Home  »  The Poems of Matthew Arnold  »  Fragment of Chorus of a Dejaneira

Matthew Arnold (1822–88). The Poems of Matthew Arnold, 1840–1867. 1909.

New Poems, 1867

Fragment of Chorus of a Dejaneira

[First published 1867.]

O FRIVOLOUS mind of man,

Light ignorance, and hurrying, unsure thoughts,

Though man bewails you not,

How I bewail you!

Little in your prosperity

Do you seek counsel of the Gods.

Proud, ignorant, self-adored, you live alone.

In profound silence stern

Among their savage gorges and cold springs

Unvisited remain

The great oracular shrines.

Thither in your adversity

Do you betake yourselves for light,

But strangely misinterpret all you hear.

For you will not put on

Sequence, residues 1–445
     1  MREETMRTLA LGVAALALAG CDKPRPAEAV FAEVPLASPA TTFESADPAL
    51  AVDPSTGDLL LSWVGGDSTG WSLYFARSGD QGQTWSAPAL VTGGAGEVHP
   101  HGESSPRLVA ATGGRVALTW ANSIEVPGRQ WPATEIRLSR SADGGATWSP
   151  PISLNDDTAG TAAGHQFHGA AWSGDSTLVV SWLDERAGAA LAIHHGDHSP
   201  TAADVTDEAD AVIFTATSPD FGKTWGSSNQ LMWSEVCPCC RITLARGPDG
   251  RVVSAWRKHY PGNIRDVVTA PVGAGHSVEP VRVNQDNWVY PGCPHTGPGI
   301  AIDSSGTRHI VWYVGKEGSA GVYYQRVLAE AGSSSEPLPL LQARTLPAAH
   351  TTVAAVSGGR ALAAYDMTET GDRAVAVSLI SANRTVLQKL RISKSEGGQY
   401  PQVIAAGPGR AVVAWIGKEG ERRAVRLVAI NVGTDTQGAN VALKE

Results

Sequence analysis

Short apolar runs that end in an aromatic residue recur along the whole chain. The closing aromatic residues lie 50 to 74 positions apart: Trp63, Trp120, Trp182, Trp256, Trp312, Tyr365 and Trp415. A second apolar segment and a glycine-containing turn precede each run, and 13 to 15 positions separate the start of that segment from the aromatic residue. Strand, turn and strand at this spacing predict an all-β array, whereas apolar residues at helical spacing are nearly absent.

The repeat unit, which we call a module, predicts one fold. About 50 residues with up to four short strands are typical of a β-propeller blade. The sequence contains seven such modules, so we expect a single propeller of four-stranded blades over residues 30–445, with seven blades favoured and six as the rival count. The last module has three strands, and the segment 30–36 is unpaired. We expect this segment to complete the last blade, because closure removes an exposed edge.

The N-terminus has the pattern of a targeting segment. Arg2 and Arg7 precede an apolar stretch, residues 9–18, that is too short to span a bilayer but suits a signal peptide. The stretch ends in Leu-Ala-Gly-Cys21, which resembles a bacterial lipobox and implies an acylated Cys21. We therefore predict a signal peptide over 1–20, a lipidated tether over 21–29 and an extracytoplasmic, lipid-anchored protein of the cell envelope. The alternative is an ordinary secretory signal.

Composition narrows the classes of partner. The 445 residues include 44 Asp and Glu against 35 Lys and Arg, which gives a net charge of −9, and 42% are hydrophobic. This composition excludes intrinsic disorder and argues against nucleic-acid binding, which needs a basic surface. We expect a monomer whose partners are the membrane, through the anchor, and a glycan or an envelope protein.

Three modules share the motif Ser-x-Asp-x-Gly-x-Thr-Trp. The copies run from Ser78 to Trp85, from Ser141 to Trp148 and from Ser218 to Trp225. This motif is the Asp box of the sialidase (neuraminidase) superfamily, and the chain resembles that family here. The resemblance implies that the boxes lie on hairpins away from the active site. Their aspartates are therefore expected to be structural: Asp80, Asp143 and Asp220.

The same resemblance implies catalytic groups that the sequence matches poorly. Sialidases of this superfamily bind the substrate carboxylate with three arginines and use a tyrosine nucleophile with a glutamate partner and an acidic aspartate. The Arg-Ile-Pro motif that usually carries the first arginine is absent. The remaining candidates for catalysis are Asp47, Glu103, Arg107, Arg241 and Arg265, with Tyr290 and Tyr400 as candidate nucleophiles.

New hearts with the inquirer’s holy robe,

And purged, considerate minds.

And him on whom, at the end

Of toil and dolour untold,

The Gods have said that repose

At last shall descend undisturb’d,

Him you expect to behold

In an easy old age, in a happy home;

No end but this you praise.

But him, on whom, in the prime

Of life, with vigour undimm’d,

With unspent mind, and a soul

Unworn, undebased, undecay’d,

Mournfully grating, the gates

Of the city of death have for ever closed—

Him, I count him, well-starr’d.